If you’re coming into this with zero advance knowledge a MacPherson strut could just as easily be an American football touch-down celebration as a decades-old suspension design. But it’s only the latter, to the best of our knowledge, and here’s what the fuss is about.
MacPherson strut suspension is a simple independent suspension design used by just about every mainstream car maker in the world, normally for front wheels. It’s based around a basic triangular design in two parts; a control arm and a radius rod, which together form a triangle against the car’s chassis. Usually, this triangle is at the bottom of the suspension rather than the top.
The control arm locates the wheel laterally and the radius rod stops it moving fore and aft in the wheel arch. The control arm was usually the chunkier and stronger of the two and was the one that attached directly to the lower part of the wheel carrier, otherwise known as the hub. These days, the two have been streamlined into one, much larger, control arm in conjunction with a stabiliser bar that links the chassis and suspension unit.
Speaking of which, the spring and damper unit is mounted vertically or close to it. It consists of an enclosed cylinder that bolts to the top of the hub; within it is the shock absorber or damper. At the top it has a wide collar that cups the coil spring, while the damper shaft runs all the way through the centre of the coil to the top of the spring unit, which is bolted fast to the structure of the car.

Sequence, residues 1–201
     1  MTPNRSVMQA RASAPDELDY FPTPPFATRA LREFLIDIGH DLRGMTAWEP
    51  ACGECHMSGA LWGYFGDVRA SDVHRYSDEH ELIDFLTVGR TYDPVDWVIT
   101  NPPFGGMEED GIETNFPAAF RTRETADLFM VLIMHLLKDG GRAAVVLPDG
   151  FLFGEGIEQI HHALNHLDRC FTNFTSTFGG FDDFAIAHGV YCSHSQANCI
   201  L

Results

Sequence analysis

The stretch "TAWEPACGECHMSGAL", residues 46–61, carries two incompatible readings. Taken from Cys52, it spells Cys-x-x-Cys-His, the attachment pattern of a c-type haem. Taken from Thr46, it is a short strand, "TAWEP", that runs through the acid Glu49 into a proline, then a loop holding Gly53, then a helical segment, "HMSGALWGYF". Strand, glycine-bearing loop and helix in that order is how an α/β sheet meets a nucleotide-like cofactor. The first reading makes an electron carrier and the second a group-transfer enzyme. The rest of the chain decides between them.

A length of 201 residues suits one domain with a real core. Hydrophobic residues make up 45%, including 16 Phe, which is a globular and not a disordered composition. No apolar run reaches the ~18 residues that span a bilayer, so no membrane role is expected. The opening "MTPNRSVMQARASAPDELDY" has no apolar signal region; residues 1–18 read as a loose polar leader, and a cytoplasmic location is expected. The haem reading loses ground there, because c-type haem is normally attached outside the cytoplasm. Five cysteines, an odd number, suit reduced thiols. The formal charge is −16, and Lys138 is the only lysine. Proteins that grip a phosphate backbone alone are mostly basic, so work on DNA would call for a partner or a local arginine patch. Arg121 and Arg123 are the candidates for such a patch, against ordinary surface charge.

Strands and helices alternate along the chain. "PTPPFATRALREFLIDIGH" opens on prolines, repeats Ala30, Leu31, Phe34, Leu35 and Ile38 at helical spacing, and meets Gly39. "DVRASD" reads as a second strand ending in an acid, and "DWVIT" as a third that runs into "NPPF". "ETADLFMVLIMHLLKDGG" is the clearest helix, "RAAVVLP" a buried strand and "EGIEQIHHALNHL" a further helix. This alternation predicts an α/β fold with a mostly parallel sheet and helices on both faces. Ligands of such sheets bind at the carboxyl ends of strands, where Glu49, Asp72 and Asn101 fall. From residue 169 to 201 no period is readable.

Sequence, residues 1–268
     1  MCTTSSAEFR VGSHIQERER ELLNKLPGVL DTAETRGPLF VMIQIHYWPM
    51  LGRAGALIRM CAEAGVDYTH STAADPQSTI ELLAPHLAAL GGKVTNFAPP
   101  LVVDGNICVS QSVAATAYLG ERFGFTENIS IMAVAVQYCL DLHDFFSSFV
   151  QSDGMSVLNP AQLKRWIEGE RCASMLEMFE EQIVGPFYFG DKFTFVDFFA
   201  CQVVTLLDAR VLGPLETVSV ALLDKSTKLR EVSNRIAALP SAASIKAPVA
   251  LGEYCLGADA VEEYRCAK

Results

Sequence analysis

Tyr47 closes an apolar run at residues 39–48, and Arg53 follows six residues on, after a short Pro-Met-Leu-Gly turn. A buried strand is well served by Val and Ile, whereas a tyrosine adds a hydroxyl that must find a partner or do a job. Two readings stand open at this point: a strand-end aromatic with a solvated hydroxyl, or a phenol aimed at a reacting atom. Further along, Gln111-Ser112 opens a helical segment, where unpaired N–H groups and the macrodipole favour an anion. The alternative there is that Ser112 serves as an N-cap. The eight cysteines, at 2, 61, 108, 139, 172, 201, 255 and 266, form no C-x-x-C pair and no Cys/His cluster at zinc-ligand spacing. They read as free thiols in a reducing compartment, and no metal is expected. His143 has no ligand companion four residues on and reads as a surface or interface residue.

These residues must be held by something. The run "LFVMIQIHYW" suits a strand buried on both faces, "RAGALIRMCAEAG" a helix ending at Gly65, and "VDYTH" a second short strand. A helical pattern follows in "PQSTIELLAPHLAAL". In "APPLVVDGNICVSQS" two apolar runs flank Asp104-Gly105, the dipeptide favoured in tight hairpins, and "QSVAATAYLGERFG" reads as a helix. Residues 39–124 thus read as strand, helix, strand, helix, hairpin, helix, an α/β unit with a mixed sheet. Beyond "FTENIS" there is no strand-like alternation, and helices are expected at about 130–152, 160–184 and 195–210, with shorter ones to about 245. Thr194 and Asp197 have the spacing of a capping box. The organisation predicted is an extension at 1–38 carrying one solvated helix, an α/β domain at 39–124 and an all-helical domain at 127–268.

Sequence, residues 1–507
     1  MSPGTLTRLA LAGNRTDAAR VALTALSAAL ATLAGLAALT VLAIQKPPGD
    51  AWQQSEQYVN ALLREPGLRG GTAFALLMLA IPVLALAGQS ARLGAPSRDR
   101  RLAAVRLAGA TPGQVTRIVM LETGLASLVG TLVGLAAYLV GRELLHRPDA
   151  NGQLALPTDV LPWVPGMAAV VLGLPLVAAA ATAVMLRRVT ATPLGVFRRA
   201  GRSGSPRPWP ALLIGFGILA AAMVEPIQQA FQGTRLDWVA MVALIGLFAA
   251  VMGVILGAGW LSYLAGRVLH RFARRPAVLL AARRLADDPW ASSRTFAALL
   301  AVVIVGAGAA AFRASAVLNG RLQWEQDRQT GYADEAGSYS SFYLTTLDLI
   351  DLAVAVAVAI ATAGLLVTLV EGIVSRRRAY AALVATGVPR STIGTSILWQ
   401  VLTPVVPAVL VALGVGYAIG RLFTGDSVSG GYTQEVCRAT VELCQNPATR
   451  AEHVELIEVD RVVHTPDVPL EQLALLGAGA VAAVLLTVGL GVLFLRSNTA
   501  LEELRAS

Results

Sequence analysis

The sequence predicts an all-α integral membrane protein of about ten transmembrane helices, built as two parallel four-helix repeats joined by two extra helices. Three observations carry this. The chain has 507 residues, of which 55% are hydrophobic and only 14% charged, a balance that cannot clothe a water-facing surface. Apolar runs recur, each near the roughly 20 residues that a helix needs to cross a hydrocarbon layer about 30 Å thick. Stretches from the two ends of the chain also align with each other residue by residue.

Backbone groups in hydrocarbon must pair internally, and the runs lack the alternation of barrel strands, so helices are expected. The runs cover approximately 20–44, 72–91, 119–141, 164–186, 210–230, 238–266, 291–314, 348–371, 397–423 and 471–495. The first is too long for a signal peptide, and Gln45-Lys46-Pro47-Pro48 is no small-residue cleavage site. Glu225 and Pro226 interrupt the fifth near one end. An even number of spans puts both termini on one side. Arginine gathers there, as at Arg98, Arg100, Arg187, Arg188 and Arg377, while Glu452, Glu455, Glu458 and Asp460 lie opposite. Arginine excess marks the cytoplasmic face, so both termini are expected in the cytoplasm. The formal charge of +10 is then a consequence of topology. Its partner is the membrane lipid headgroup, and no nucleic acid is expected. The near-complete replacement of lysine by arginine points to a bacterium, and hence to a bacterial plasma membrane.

In this way the MacPherson strut creates a three-point fixing structure for the wheel that proves very strong and versatile, and can easily be tailored to more demanding usage like track driving. At least as importantly, it’s also a cheap design to produce. Car makers love ‘cheap and effective’ just as much as we do.
The design really came into its own as cars began to be produced with ‘unibody’ chassis, also called monocoques. Monocoques have high relative rigidity between the MacPherson strut’s mounting point areas, giving it the kind of support and control it needs in order to work properly.
Various developments over the years have seen different interpretations of the design emerge, from Earle S MacPherson’s first sketches where an extended anti-roll bar also functioned as the radius rod, to current ideas where the two are separate. Some cars also now use a wishbone instead of the old control arm and radius rod combination.
It’s obviously a good system. The likes of BMW and Porsche use it, and you’ll find it hiding behind the front wheels of the Golf GTI, for example. It’s not just for shopping cars, even though 99 per cent of them use the same basic design.
A double-wishbone setup allows more adjustment for camber and roll centre, which can reduce body roll. It’s also a stiffer option and some people say it introduces more control to a car’s handling. The fact remains that the MacPherson strut is a brilliantly effective way to combine strength, spring and stability at a low manufacturing cost.